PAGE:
In addition, the GBRA and the HCP Project Team will move forward by evaluating site-specific activities to determine where GBRA owned and/or operated facilities may affect covered species and connect with those second parties participating in activities that may be eligible for permitting to catalog, report, and evaluate their activities and associated takes.
Benefits for the Water Resources Agency. The GBRA has stated that its primary considerations in developing the GRHCP are “to provide greater certainty in its ability to meet future water supply and wastewater treatment needs, while providing protections for threatened and endangered species in the Guadalupe River Basin.” This melding of purposes reflects a nearly unprecedented compromise by both sides — a recognition by GBRA of the important goal of the original adversarial proceeding and an equally important acknowledgment by TAP of the water agency’s responsibility to respond to population growth in its service area.
Assuming that this HCP unfolds as proposed, it will be a major step forward for a water resources agency like the GBRA. Rather than encountering endangered species issues somewhat randomly in disputes and litigation, the HCP provides a very organized way for the agency to anticipate problems and formulate specific remedies to implement within the watershed in an attempt to protect the species and avoid “takes” in the future.
The HCP also includes a proposal for permits to be issued that would allow “incidental takes,” assuming that the HCP requirements were being met. An incidental take is one that occurs incidental to an otherwise lawful activity. Such permits will only be granted if the covered activity is otherwise lawful, non-federal, and such activity is under the direct control of the permittee.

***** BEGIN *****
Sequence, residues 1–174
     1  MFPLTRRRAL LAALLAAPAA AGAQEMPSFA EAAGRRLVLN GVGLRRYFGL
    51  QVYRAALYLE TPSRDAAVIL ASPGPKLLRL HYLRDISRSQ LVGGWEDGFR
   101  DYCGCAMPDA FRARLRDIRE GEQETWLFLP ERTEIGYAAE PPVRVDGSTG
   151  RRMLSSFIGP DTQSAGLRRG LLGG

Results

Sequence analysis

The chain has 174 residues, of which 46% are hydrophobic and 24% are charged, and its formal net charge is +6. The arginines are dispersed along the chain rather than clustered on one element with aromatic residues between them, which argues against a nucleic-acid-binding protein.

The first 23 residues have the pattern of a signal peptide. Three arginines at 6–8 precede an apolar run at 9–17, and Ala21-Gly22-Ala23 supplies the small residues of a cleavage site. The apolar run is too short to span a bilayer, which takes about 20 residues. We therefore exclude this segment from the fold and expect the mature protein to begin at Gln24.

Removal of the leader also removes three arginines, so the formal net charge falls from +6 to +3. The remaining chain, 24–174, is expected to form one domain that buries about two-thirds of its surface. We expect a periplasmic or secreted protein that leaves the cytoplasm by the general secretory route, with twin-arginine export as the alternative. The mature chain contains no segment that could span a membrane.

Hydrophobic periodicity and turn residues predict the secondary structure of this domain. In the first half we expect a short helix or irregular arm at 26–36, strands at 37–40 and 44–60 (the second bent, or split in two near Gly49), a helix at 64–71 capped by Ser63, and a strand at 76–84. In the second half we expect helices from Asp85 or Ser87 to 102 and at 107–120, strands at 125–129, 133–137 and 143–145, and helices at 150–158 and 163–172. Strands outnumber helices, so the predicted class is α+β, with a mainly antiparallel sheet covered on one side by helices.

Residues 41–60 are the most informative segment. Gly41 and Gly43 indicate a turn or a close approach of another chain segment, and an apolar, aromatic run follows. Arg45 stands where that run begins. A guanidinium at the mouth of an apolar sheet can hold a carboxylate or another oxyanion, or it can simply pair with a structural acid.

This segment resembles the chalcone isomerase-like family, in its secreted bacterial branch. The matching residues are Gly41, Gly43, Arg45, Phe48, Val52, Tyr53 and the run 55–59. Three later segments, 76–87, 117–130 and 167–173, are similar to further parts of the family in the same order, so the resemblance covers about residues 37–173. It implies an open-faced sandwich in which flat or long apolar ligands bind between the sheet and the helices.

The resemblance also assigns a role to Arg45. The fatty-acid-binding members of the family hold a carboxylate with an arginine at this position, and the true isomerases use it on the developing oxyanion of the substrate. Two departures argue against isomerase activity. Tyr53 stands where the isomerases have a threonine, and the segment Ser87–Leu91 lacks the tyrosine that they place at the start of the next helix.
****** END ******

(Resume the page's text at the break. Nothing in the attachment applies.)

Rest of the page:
Outcome for The Aransas Project. TAP’s pleadings in the original litigation asked for the court to order the preparation of an HCP. While the scope of the HCP now being pursued is much larger than that originally envisioned by TAP — covering a much larger geographic area and many more species — the basic issues regarding whooping crane protection are going to be set out in the HCP. Although TAP was the losing party in the litigation, it has found another way to achieve its goal — to protect the whooping cranes.
One Final Thought. We note that the GBRA’s decision to pursue a habitat conservation plan, and the partnership between GBRA and TAP, was a much better result than the initial court order, which would very likely have been the basis of continuing disputes for decades to come. It is a good example of the way that some remedies can be achieved voluntarily when they might never be achieved under force and duress. And it is worth noting that Darrell Nichols, the new general manager and CEO of the GBRA, has indicated his interest and willingness to enter into a revised version of the 2016 agreement. This is an important step to ensuring continuity of vision and purpose.
The Formosa Plastics Case
The second case under discussion began in 2018, when the San Antonio Bay Estuarine Waterkeeper led by Diane Wilson sued Formosa Plastics, alleging liability under the federal Clean Water Act of 1972 and violations of Formosa’s TPDES (Texas Pollutant Discharge Elimination System) wastewater discharge permit. Diane Wilson was recently awarded the Goldman Environmental Prize, at least in part for her role in the litigation discussed in this paper, litigation that was beautifully considered and presented. But that is only one aspect of this interesting controversy that unfolds from litigation under the citizen suit provision of the federal Clean Water Act.
The Clean Water Act’s purpose is to “restore and maintain the chemical, physical, and biological integrity of the Nation’s waters.” The associated TPDES permit prohibited the discharge of “floating solids or visible foam in other than trace amounts” and imposed mandatory reporting requirements on Formosa regarding violations from its wastewater pipe and stormwater outfalls.
Background: The Formosa Complex
Formosa Plastics operates a 2500-acre plastics complex in Point Comfort, Texas, about halfway between Houston and Corpus Christi. Originally constructed in the early 1980s, the facility has had several major expansions since then. Today, the facility operates over 20 production units in five business divisions—olefins, polyolefins, vinyl, specialty polyvinyl chloride, and chlor-alkali. Products manufactured there include ethylene, polyethylene, propylene, polypropylene, vinyl chloride, polyvinyl chloride, chlorine, caustic soda, ethylene dioxide, and ethylene glycol. It uses predominantly natural gas both as a raw material and a fuel source. A layout of the Point Comfort facility is shown in Figure 3.